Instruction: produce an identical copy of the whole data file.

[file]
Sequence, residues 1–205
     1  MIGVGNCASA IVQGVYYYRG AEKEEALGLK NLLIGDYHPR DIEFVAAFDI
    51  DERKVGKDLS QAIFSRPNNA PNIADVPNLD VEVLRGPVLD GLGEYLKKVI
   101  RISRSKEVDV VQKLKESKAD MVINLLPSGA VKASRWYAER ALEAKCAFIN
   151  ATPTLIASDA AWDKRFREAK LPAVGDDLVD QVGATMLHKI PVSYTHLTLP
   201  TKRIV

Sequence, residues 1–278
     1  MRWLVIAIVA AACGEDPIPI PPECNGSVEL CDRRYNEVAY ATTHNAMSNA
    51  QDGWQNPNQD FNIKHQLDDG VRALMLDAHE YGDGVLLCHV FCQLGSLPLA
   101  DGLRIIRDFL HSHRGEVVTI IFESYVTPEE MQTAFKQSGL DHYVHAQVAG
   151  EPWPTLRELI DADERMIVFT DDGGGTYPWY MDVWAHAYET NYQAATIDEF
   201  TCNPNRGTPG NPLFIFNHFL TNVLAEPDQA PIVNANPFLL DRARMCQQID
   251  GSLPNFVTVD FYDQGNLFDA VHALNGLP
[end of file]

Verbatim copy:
Sequence, residues 1–205
     1  MIGVGNCASA IVQGVYYYRG AEKEEALGLK NLLIGDYHPR DIEFVAAFDI
    51  DERKVGKDLS QAIFSRPNNA PNIADVPNLD VEVLRGPVLD GLGEYLKKVI
   101  RISRSKEVDV VQKLKESKAD MVINLLPSGA VKASRWYAER ALEAKCAFIN
   151  ATPTLIASDA AWDKRFREAK LPAVGDDLVD QVGATMLHKI PVSYTHLTLP
   201  TKRIV

Sequence, residues 1–278
     1  MRWLVIAIVA AACGEDPIPI PPECNGSVEL CDRRYNEVAY ATTHNAMSNA
    51  QDGWQNPNQD FNIKHQLDDG VRALMLDAHE YGDGVLLCHV FCQLGSLPLA
   101  DGLRIIRDFL HSHRGEVVTI IFESYVTPEE MQTAFKQSGL DHYVHAQVAG
   151  EPWPTLRELI DADERMIVFT DDGGGTYPWY MDVWAHAYET NYQAATIDEF
   201  TCNPNRGTPG NPLFIFNHFL TNVLAEPDQA PIVNANPFLL DRARMCQQID
   251  GSLPNFVTVD FYDQGNLFDA VHALNGLP